Enterprises across Canada—and the globe—are increasingly choosing to migrate to the cloud. The trend has grown considerably in the past decade due to the many business benefits of moving to the cloud. 2020 saw an exponential leap in cloud migrations as COVID-19 forced business to re-evaluate workforce management, IT jobs and resources and other processes. Close to 90% of IT decision makers globally said the pandemic accelerated their plans for implementing cloud resources. 

Cloud migration offers a number of benefits. They include long-term cost savings, more efficient collaboration, potential for enhanced data security, and workforce and process flexibility.

A Deloitte Insights survey noted that three specific drivers rose to the top:

  • 37% of organizations rank security and data protection as their top reason for cloud migration, and 21% said it was second.
  • 22% said data modernization was their first driver, and 22% said it was their second.
  • 15% said long-term cost savings associated with IT operations was the main reason for moving to the cloud, and 17% said this was their second-most important reason.
man working on his laptop

7 key considerations before migrating to the cloud

Tapping into the benefits that drove you to consider cloud implementations in the first place does require some work, including staffing up appropriately for the effort. Randstad IT Solutions suggests that you consider these seven factors before migrating to the cloud.

•  what does your current IT infrastructure look like?

Define who is on your team and what physical resources and investment strategies you have already established. Understanding your current infrastructure is key to mapping your future cloud state. This helps you determine how you can leverage your existing infrastructure and what areas you might need to invest in—people, architecture, processes and cloud software or servers.

•  what will you use cloud services for?

One of the biggest mistakes businesses make when launching  technical initiatives is setting out without a specifically defined scope and scale. You need to know what you're going to use the cloud services for so that you can make the right choices when creating your target architecture, implementation plan and hiring cloud talent to support you. 

For example, do you need cloud services simply for storage and backup services? Or, are you going to integrate workflow processes into the cloud? These are just two of the almost infinite options, and they come with very different requirements. 

•  what are your technical requirements and storage needs?

Once you understand the purpose of your cloud migration, start defining technical requirements and storage needs. This is a foundational element of managing a cloud project and might require you to fill IT jobs with experienced business analysts and IT project managers. Whether those are temporary or permanent IT positions in your organization depends on your business needs and unique-to-you hiring processes.

•  compare and contrast potential partners

Armed with knowledge about your requirements, start comparing potential cloud migration partners. At this stage, you want to narrow the field to partners that can meet your needs so you can get demos and quotes.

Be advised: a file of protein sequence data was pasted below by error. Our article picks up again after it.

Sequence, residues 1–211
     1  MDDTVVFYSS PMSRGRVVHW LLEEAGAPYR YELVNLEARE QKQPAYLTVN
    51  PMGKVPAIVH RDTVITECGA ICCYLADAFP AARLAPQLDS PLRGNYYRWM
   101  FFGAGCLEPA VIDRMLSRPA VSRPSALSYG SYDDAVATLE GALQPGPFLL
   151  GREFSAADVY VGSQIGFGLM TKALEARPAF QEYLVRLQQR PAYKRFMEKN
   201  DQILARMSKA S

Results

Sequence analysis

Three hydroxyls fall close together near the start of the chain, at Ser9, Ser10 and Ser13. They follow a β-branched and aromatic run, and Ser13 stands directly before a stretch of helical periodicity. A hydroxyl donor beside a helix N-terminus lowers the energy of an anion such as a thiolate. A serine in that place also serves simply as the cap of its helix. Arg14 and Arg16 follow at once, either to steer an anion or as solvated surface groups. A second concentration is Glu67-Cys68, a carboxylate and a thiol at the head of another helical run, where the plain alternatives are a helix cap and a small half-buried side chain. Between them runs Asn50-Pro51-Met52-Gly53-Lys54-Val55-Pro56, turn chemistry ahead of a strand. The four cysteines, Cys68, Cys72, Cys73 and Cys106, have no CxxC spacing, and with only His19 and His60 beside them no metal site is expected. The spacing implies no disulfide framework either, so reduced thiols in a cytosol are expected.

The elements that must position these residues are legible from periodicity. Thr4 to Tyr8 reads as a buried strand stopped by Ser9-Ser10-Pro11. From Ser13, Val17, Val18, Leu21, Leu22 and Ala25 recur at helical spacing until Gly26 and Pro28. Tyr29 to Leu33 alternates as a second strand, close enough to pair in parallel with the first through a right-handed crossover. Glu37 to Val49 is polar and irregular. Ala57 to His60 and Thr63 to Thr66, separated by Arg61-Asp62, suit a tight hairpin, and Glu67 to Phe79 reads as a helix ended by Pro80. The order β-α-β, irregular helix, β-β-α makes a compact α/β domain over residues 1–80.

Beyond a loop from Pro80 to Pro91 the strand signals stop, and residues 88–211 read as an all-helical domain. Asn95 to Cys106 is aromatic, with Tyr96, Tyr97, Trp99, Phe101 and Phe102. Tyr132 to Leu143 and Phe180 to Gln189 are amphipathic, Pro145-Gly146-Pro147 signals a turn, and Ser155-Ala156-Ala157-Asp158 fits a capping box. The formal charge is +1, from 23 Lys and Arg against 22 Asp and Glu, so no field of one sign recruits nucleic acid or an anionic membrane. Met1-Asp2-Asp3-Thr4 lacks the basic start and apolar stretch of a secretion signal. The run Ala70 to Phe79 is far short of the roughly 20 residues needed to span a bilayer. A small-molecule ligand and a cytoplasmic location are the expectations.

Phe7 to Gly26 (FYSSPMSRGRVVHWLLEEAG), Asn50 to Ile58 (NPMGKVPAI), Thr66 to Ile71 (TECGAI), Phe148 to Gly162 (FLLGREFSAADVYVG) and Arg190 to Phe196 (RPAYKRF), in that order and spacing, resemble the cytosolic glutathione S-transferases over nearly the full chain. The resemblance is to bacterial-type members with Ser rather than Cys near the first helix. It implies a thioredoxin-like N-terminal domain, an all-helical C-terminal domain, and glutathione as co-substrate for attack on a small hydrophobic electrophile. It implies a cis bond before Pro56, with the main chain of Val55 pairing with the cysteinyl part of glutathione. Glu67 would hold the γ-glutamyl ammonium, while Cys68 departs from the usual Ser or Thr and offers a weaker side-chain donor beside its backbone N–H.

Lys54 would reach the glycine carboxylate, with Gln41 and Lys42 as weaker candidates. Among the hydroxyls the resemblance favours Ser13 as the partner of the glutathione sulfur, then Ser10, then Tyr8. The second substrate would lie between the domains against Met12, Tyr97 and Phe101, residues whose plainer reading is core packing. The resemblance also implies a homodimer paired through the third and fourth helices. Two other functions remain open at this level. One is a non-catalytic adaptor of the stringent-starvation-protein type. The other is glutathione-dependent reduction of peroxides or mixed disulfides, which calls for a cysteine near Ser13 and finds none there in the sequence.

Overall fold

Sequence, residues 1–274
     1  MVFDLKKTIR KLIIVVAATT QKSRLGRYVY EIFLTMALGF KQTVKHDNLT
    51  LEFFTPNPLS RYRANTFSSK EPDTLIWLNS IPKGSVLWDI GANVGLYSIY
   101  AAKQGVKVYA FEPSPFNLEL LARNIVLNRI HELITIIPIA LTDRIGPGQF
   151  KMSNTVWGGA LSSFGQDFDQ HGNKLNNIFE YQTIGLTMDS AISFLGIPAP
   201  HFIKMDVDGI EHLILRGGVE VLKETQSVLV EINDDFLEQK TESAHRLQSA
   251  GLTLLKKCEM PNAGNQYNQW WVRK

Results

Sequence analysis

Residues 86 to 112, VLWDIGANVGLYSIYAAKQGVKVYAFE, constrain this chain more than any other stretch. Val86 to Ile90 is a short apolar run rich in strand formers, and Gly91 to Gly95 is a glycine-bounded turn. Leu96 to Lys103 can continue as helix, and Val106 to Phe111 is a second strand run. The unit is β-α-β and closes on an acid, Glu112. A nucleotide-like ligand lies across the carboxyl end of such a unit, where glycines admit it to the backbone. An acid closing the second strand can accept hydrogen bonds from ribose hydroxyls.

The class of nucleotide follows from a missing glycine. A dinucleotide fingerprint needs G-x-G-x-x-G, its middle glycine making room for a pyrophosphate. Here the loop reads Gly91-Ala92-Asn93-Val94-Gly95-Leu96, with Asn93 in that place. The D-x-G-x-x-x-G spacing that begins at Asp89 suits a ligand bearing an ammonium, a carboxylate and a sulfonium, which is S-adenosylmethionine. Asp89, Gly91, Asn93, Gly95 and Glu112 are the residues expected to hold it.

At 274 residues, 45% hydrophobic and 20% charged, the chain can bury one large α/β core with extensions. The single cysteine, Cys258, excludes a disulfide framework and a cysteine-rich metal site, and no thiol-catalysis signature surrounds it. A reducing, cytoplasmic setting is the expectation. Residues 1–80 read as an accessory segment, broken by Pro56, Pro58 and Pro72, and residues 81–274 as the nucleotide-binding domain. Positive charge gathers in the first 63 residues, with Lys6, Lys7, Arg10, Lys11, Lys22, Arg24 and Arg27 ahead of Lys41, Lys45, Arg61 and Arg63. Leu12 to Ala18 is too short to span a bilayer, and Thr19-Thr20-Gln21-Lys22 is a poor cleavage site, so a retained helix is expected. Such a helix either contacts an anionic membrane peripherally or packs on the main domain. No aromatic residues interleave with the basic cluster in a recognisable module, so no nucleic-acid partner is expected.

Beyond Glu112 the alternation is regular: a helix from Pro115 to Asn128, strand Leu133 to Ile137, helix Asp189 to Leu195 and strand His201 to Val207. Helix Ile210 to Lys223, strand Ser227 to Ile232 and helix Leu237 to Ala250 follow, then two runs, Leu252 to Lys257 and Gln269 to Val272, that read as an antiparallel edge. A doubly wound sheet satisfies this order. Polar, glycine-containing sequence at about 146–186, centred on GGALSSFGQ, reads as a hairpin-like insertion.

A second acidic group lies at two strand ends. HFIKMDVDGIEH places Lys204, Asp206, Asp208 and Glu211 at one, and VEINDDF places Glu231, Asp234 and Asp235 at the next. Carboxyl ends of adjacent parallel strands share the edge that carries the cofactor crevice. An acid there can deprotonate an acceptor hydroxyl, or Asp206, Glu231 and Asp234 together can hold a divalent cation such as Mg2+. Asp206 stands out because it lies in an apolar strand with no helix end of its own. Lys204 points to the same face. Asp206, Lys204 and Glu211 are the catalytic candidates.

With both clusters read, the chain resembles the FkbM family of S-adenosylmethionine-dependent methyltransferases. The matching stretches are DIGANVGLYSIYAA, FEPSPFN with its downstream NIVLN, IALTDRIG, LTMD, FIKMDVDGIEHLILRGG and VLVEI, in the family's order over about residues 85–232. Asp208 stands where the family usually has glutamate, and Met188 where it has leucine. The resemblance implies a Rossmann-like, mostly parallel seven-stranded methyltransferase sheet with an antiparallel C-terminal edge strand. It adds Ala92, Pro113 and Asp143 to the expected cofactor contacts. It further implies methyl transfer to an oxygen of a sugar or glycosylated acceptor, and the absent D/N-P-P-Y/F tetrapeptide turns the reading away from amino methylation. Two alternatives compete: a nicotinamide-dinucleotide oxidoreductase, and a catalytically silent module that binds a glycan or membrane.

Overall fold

Amazon Web Services, Microsoft Azure and Google GCP are the top three contenders in this niche. They cover the majority of the market, but there are also smaller cloud companies serving specific needs, so take some time to do your homework and consider all potential partners. 

•  do you have the right skills to manage cloud migration in-house?

You can choose to handle moving to the cloud in a number of ways:

  • 100% (or as close to it as possible) in-house
  • 100% (or as close to it as possible) outsourced
  • A split between in-house and outsourced (or vendor-provided) services
  • Integrate an outsourced team to build  competencies and momentum for your internal efforts, and shift back to an in-house effort as you gain proficiency

For most enterprises, the third option is the best answer, which means you may need to hire cloud developers and others to hold up your end of this endeavour. Find out the types of pros you need to hire to manage in-house parts of a migration. 

•  do you need to hire talent to fill in the gap or retrain existing staff?

Once you know what in-house resources you need, you can work on a hiring plan. Start with your existing IT staff. Who has the skills to handle a cloud-related job or task, and who can be retrained to do so? After you map existing staff to your new business and technical needs, look for gaps to understand what types of IT talent you need to hire.

•  how will you handle ongoing maintenance and upkeep?

Don't just look at the process of moving to the cloud when considering IT hiring. Create a plan for maintaining the solution. You may need a full-time cloud developer to continue to tweak and build solutions as additional functionalities are required, and your business grows. You might also need security and systems administrator resources to maintain the technical solutions and ensure they support the business as expected.


get help hiring the right people for IT jobs

thinking about moving to the cloud but need more support? download our guide on finding the right partner to help you cloud-enable your organization. the guide contains detailed step-by-step info to help you find and hire an expert partner with the right mix of IT and HR expertise.